With ongoing crackdowns on freedom of expression around the world, free speech advocates met to discuss the connection between corruption and human rights at the 17th International Anti-Corruption Conference in Panama City, Panama.
First to speak at the morning panel, Miranda Brown spoke about her experience as a whistleblower at the Office of the High Commissioner of Human Rights, the UN agency responsible for monitoring human rights abuse cases. She played an important role in revealing the allegations of child sexual abuse against French peacekeepers in the Central African Republic. She said UN OHCHR lacks clear guidelines about how to report such cases to superiors.
“Whistleblowers are left at the mercy of the character and goodwill of UN agency heads,” she told the audience. “The UN can’t divorce human rights from peacekeeping.”
Moderator Alison Glick raised the point that UN peacekeepers are the largest deployed military force in the world, which operated on a budget of $7.86 billion in 2016. She asked Ms Brown how the UN could reform its whistleblowing policy.
“People forget the UN is funded by taxes from Member States,” she explained. “The public can insist that taxes be spent to reduce corruption and protect human rights.”
Claudio Nash from the Faculty of Law at the University of Chile shared how corruption and human rights abuses impacted Chile’s transition from dictatorship to democracy. According to the country’s Commission of Truth and Reconciliation, more than 35,000 people were victims of human rights abuses under Augusto Pinochet from 1973 to 1990.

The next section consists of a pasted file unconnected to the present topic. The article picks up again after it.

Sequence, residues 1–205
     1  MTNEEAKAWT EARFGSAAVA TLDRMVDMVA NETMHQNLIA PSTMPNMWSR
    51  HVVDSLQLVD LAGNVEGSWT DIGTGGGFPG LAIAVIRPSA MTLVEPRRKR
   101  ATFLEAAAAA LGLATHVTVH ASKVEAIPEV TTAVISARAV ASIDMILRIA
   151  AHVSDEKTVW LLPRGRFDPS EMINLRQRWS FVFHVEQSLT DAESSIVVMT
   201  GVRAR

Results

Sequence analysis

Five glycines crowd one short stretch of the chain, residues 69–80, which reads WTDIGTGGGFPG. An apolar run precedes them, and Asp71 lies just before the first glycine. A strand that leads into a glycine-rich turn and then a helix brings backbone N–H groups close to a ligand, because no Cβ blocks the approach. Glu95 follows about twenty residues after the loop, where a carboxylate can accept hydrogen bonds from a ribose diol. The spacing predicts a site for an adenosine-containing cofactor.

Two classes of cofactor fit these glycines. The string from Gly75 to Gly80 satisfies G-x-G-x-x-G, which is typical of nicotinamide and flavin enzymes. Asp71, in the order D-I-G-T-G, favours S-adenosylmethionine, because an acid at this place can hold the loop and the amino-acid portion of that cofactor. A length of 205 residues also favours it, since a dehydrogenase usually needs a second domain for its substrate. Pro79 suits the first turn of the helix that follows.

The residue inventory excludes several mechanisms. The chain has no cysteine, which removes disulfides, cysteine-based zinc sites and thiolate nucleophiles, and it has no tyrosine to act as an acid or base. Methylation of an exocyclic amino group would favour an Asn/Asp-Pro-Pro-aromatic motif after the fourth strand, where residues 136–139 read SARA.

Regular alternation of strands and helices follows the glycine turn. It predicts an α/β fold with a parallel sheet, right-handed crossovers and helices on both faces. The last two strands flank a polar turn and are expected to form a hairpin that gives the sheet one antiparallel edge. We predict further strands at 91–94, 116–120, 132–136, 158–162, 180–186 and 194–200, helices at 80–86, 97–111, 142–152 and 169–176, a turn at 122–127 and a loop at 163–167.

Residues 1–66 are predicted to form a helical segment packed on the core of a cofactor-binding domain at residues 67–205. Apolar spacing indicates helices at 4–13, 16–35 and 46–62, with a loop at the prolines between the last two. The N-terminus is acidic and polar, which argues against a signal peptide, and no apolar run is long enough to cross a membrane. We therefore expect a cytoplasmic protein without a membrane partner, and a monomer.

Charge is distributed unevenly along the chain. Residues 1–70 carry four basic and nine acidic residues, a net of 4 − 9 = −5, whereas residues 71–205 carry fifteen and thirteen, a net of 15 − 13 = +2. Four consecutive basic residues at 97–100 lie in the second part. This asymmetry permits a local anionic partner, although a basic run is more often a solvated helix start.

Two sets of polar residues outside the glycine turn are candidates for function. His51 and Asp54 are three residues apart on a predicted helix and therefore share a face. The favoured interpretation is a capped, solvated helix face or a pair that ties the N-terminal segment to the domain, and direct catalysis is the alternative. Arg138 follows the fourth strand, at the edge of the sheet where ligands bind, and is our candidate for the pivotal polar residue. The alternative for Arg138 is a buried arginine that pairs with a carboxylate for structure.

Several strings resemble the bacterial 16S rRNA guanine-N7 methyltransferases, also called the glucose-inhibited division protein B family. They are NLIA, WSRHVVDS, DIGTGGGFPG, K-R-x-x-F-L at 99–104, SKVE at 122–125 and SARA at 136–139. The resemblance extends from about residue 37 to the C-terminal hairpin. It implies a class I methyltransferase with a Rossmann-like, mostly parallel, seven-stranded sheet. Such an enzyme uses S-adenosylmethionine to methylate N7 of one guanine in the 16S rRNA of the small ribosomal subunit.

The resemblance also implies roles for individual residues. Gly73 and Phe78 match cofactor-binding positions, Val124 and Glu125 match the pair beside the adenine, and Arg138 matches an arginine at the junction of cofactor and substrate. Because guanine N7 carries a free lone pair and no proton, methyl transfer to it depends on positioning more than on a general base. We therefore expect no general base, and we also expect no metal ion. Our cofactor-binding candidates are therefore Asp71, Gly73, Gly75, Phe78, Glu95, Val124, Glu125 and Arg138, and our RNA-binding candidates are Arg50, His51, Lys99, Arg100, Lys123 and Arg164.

“In Chile, people say that the dictatorship violated human rights, but at least the government didn’t steal,” he explained, speaking about what he called the “normalization” of human rights abuses under the regime.
Civil society activist Bruce Moore discussed how the drafting of anti-corruption legislation, saying “anti-corruption systems have been captured by elites,” including in advanced democracies such as his native Canada.
He added that despite the criticism, the UN has still managed to “move forward a human rights-based approach to development”, but that the agency needed “to empower people on a local level to create sustainable change”.
Keith Henderson, a Professor at the Washington College of Law and Fellow at the Government Accountability Project, focused on the World Bank’s whistleblower protection program. He presented his research on the topic, saying the organization’s policy needed to be more transparent.
“Civil society members in borrowing countries need to know how to report corruption on World Bank projects,” he explained. “On average, 20 percent of country funds are lost to corruption.”
Henderson wrapped up the session with a call of action to create a basic bill of whistleblowers’ rights to ensure their protection under international law, which first and foremost, protects their anonymity.
“Whistleblowers need to be able to report corruption anonymously,” he said.
Kait Bolongaro is an award-winning Canadian journalist based in France. Her work has been published by Al-Jazeera, the BBC, Vice, Christian Science Monitor, and Deutsche Welle, among others. She has reported from Africa, Asia, Europe, North America and Latin America. Follow her on Twitter @kbolongaro.